Allergic Rhinitis: October 2006 Archives

Tablet that could cure hay fever

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Hayfever: Blights the lives of one in four Britons each summerA daily tablet that could cure hay fever will be available within months.

The pills, which dissolve under the tongue, dramatically reduce the symptoms of the allergy which blights the lives of one in four Britons each summer.

Manufacturer, Danish drug firm ALK-Abello, believes its Grazax tablets, which can be taken at home, will even cure some sufferers.

The prescription-only pills, which are based on grass pollen, have recently been licensed for use and are expected to be on sale in the UK within three months.

Popped under the tongue once a day during the summer, they are the first tablets to tackle the underlying course of hay fever, rather than merely treat the symptoms.

Children of allergy sufferers prone to same problem

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Infants, whose parents suffer from allergies that produce symptoms like wheezing, asthma, hay fever or hives, risk developing allergic sensitization much earlier in life than previously reported, according to a study by U.S. researchers.

The study suggests that the current practice of avoiding skin testing for airborne allergens before four of five years old should be reconsidered, so that children in this high-risk group can be detected early and monitored for the possibility of later allergic respiratory disease.

Americans accustomed to the seasonal misery of sneezing, runny noses and itchy, watery eyes caused by ragweed pollen might one day benefit from an experimental allergy treatment that not only requires fewer injections than standard immunotherapy, but leads to a marked reduction in symptoms that persists for at least a year after therapy has stopped, according to a new study in the October 5 issue of i The New England Journal of Medicine (NEJM). The research was sponsored by the Immune Tolerance Network, which is funded by the National Institute of Allergy and Infectious Diseases (NIAID) and the National Institute of Diabetes and Digestive and Kidney Diseases (NIDDK), both components of the National Institutes of Health (NIH), and the Juvenile Diabetes Research Foundation International.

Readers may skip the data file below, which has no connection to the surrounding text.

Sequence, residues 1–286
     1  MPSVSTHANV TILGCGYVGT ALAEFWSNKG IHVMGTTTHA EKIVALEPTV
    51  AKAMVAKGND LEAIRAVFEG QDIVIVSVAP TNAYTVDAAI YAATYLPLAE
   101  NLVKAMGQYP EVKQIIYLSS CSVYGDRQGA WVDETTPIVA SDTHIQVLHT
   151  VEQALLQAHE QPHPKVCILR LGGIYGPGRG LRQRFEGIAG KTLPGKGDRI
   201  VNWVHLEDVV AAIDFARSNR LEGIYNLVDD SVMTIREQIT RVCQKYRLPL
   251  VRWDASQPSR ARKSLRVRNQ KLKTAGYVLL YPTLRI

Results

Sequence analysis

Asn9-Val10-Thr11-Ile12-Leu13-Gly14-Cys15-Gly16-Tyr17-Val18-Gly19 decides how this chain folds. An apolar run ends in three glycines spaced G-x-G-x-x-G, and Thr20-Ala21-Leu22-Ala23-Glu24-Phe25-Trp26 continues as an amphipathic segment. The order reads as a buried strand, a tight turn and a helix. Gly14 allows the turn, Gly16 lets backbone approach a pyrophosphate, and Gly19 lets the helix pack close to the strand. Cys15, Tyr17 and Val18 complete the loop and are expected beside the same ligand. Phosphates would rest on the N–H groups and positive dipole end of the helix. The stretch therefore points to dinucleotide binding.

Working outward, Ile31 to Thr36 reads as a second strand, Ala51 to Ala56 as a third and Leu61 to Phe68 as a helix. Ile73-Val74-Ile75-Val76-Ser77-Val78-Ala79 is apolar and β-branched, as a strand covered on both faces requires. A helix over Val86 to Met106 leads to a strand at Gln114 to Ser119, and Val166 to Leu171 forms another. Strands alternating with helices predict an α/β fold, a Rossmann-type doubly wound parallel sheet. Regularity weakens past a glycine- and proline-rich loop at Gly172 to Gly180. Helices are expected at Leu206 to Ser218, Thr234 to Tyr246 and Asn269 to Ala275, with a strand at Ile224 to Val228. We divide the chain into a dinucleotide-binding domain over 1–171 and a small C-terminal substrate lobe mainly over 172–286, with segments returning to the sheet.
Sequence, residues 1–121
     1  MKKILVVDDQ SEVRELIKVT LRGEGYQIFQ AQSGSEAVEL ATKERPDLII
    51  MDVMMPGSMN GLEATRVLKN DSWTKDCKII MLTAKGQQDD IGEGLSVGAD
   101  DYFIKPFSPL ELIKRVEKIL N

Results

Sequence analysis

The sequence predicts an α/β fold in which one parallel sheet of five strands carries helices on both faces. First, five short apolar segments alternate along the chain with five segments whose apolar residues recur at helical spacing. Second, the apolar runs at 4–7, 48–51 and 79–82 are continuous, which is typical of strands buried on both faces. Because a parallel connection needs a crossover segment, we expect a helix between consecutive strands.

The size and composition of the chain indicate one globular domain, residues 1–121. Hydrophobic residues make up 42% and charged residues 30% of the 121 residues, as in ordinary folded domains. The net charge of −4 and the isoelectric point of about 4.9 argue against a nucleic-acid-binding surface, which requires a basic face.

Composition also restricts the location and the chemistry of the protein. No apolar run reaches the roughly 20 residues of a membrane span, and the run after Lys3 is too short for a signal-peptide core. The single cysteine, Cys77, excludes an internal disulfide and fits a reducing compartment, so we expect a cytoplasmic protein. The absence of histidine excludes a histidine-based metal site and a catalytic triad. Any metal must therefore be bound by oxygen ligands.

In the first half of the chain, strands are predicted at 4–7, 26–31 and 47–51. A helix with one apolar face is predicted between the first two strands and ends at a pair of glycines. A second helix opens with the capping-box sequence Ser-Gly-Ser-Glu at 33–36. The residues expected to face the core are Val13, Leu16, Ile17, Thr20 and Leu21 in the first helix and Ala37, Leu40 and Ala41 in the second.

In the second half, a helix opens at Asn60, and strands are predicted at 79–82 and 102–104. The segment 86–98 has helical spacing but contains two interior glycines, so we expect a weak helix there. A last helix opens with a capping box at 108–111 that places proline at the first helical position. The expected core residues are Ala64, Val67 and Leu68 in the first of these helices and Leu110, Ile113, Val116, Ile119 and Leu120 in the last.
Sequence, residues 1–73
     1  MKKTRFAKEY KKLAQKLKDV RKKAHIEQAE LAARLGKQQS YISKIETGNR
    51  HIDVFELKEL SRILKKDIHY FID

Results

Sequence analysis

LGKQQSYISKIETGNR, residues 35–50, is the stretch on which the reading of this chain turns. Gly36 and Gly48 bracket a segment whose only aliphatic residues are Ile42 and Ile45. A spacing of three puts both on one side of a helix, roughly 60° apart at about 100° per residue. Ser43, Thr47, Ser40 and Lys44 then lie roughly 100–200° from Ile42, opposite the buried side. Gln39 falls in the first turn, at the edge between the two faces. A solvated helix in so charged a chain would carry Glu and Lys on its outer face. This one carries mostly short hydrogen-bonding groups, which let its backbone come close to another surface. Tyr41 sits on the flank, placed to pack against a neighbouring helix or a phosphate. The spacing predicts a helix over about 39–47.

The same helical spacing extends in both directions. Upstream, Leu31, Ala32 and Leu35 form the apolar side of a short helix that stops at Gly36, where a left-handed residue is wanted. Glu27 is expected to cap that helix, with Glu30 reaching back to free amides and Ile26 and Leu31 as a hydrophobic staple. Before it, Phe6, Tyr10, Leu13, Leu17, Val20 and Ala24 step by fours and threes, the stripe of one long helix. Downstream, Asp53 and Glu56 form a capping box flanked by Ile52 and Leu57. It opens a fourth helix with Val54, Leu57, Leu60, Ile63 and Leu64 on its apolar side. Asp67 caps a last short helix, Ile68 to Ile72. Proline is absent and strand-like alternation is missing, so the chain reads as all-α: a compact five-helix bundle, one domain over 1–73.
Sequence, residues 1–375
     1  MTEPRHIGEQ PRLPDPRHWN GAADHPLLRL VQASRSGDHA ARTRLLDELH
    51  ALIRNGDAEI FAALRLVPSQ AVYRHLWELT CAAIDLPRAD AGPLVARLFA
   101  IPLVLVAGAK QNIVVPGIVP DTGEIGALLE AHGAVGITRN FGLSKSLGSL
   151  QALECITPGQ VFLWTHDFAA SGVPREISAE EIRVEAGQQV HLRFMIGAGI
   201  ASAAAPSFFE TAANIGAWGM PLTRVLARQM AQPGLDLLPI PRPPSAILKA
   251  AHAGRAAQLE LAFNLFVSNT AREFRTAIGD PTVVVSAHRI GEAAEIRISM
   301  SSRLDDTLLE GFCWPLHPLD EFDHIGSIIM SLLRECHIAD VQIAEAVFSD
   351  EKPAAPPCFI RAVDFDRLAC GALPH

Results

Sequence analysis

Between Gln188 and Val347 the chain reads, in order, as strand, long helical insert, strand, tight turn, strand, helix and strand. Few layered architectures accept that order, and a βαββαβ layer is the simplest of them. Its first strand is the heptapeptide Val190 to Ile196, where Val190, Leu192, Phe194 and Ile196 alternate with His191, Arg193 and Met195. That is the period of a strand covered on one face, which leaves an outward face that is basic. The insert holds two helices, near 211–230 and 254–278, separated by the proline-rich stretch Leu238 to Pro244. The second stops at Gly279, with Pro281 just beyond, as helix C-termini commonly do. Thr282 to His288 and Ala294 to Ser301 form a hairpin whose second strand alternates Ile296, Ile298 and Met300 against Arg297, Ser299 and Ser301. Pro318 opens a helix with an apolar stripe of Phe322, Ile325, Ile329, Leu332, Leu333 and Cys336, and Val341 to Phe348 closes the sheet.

Experimental hay fever vaccine effective

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BALTIMORE, Oct. 5 (UPI) -- Baltimore researchers have successfully used an experimental DNA-based vaccine to protect against ragweed allergies, commonly known as hay fever.

Patients receiving the vaccine showed an average 60 percent reduction in allergy symptoms compared to those receiving a placebo, say researchers at The Johns Hopkins University School of Medicine.

The NEW ENGLAND JOURNAL OF MEDICINE (Vol. 355, October 5, 2006, No.14), today reported that a new approach to allergy therapy not only reduced the acute allergic responses of individuals with ragweed allergies but also sustained that effect for over 12 months. The novel treatment, called "AIC" in the paper, is a TLR9 agonist linked to ragweed allergen, developed by Dynavax Technologies Corporation (Nasdaq: DVAX).

Allergic rhinitis (AR), more commonly known as "hay fever" can have a profound impact on the daily lives of sufferers beyond its physical effect -- including psychological well-being, sleep quality, and ability to learn and process cognitive input, according to a new article scheduled to appear in the on-line issue of Allergy and Asthma Proceedings.

"The Burden of Allergic Rhinitis," authored by Robert A. Nathan, M.D., Clinical Professor of Medicine, Department of Internal Medicine, Division of Allergy and Immunology, University of Colorado Health Sciences Center, provides an overview of the impact of AR in our society based on findings in the landmark 2006 Allergies in America Survey (AIA) and other noteworthy surveys and studies conducted in the US and Europe. In his article, Dr. Nathan describes the negative cascade of events that adults and children can experience as a result of this condition.

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